If you live in the mountains of Japan like I do, you probably have seen your local service stations fill up with lines of cars waiting to get their tires changed.

This winter tradition has always mistified me. Despite being from a part of the US with plenty of snow, I almost never see anyone change their tires seasonally. But then again we don't really have any mountains and dangerously curvey roads to speak of. Also, just about every other car has four wheel drive and roads are plowed regularly.

While you may be tempted to be a dare devil, investing in a good pair of "stud-less tires" is a good idea, especially if you live somewhere where snow accumulates.

Why Two Sets of Tires?
If you have been living in J-land for a while, you have probably noticed that many towns do not plow their non-expressway roads (save for places like Hokkaido, of course) and, at best, you might get an occational road salting. Coming from New England--a place where you can't so much as leave your house without a double wide snow plow--this has always vexed me. Moreover, cars in Japan tend to be smaller and big 4WD SUVs a relative rarity. In addition, a lot of sedans and wagons are rear-wheel drive (korin kudo 後輪駆動), meaning that, despite a smoother ride, they handle poorly in wet and slippery conditions.

Therefore, most people invest in an extra set of tires especially for winter time. These are called "stud-less tires" (sutaddoresu taiya スタッドレスタイヤ) and tend to be a bit wider with deep frictive treads for slippery roads.

You can pick up studless tires at just about any gas stand, auto shop, or dealer. Sometimes big chain auto shops like Autobacs and Yellow Hat will even sell private label brands at a significant discount. As for wheel hubs, you will have to bring your or pay extra.

Snow Tires vs Studless Tires
Personally, I had never heard of a "studless tire" until I arrived in Japan. I don't know enough about cars to say for certain that they are Japan exclusive, but their doesn't seem to be a lot of all-weather tires avaliable here.

However, according to the internet, their is a difference between "snow tires" and "stud-less tires." The former have specialized treads but generally are made out of the same material as a run of the mill spring/summer tire. Stud-less, on the other hand, in addition to having special deep treads to maximize contact with the ground, are also made out of special fictive materials to minimize sliding and skidding.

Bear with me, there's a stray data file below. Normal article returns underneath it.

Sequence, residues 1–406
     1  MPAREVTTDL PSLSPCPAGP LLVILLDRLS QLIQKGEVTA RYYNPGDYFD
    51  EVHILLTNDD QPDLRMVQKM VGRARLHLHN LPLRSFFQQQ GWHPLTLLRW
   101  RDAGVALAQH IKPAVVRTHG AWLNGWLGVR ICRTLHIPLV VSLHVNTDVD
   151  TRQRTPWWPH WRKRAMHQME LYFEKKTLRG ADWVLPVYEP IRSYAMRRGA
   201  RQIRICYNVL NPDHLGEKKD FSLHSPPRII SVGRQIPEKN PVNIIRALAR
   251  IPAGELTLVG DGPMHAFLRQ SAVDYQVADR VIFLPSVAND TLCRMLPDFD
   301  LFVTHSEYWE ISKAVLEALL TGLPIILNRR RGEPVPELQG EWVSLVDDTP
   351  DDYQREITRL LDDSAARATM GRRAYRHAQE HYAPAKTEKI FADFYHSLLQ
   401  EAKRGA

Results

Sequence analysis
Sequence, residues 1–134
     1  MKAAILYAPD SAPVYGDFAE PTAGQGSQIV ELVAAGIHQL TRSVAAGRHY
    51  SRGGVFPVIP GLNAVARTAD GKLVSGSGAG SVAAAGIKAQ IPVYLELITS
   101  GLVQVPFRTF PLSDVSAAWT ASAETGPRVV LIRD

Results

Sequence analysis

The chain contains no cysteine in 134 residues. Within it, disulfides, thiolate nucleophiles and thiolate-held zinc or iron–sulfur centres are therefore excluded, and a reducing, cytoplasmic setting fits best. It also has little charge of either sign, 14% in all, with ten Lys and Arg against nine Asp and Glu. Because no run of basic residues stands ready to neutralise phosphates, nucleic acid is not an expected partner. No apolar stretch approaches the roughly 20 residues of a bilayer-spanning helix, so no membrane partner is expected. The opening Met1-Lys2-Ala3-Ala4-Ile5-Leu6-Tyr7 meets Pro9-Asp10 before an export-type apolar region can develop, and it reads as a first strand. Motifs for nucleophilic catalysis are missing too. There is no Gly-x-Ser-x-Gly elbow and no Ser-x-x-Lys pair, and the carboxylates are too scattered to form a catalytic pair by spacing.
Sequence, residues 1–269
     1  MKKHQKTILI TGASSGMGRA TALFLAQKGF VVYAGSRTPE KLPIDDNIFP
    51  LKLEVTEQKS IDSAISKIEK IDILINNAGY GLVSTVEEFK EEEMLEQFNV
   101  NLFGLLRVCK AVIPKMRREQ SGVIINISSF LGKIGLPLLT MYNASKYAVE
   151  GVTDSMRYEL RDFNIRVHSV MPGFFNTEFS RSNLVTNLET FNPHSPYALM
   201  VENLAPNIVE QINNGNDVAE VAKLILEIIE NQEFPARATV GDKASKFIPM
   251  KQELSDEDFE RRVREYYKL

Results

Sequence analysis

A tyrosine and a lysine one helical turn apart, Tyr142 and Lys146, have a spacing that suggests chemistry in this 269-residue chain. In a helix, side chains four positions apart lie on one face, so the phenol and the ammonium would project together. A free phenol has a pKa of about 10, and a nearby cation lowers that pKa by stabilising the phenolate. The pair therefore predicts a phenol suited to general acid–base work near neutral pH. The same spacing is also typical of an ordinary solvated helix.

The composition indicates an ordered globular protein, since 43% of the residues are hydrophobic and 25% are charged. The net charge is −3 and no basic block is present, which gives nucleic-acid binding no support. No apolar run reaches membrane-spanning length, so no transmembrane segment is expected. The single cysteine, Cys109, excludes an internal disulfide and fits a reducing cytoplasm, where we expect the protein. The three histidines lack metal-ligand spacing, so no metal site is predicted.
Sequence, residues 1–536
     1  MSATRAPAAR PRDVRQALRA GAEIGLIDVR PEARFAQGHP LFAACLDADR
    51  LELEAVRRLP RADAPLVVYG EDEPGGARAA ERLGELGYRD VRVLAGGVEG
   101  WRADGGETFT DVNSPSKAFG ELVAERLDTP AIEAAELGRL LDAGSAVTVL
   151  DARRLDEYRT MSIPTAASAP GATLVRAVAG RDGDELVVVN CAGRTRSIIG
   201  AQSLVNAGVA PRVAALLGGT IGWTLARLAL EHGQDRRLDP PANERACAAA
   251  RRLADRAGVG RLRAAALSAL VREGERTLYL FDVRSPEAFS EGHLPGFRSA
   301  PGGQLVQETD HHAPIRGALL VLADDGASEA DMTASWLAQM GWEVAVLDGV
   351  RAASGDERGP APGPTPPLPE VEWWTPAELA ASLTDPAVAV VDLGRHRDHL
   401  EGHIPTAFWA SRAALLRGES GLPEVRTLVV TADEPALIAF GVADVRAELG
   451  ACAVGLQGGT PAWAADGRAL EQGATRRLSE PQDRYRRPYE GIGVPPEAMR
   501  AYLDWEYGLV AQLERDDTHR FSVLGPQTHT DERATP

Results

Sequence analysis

How much of this is true and how much of this is just slick tire company marketing, I could not say.

Do I Really Need Winter Tires
Winter tires aren't cheap, often costing well over 25,000 yen plus disposal fees for your old tires and labor costs for putting them on. Also, there is a good chance that they aren't solde with hubs. Not to mention the seasonal costs of putting them on and taking them off (about 2000-3000 per visit). To add insult to injury, unless your dwelling has a storage unit, you may have to pay a yearly fee to your local auto store for the pleasure of haning on to your old tires.

Stud-less tires? Oh, you mean pussy wheels.
 Those new to driving in Japan may be tempted to sherk a nice new pair of winter wheels and just brave the icy roads with their regular tires. However, this is not a good idea for several reasons:
  1. In the event of an accident, not having the proper tires can count against you. That means if you slide gracefully into the bummer of your neighbor's ride you will be at fault and then some (in the civil liability sense). Even in accidents where you are not at fault, having improper tires can get you in trouble or even cited for reckless driving.
  2. Having you ever driven on a unplowed highway? Then you must know how much it sucks, especially if you have tiny car.
  3. Checkpoints (see below). Expressways generally get the plow treatment, but many highway operators and localties put so-called "chain regulations" in effect for all cars not equiped with snow tires.
Tire Chains
While cruising along a big national road or an expressway, you may have seen small stops labled (chein chakudatsu-jo チェーン着脱所), or "tire chain attaching and removal area." These are for those extra snowy days when there is a chein kisei-chu (チェーン規制中) or "manditory chain regulation in effect" warning. If you have VICS equipped navigation device, your GPS will usually alert you to stretched of highway covered by manditor chain regulations. Lighted billboards will also give you a heads up as to areas where chains are neccary.

A tire complete with chain
Chain regulations generally are only put into place when it is snowing very heavily and a fair amount is accumulating on the roadway. And keep in mind that this isn't a polite suggestion. Highway companies set up mini-checkpoints where you are expected to stop as an employee shines a light to check out your tires. Luckily, if you have well treded snow tires then you can pass throught without a hassel. But if you don't then you will be ordered to pull off the road and put on your tire chains for the duration of the regulation.

However, there are very rare times when even cars and trucks with brand spanking new studless tires must strap on chains. This is known as zen-sharyo chein kisei (全車両チェーン規制), or "all-vehical chain regulations" and it is only put into place during the heaviest of heavy snow storms. Luckily, chains generally come standard with most cars and are stashed in the emergency kit for just such an occasion.


Have any experience with winter driving in Japan? If so, let us know in the comments!

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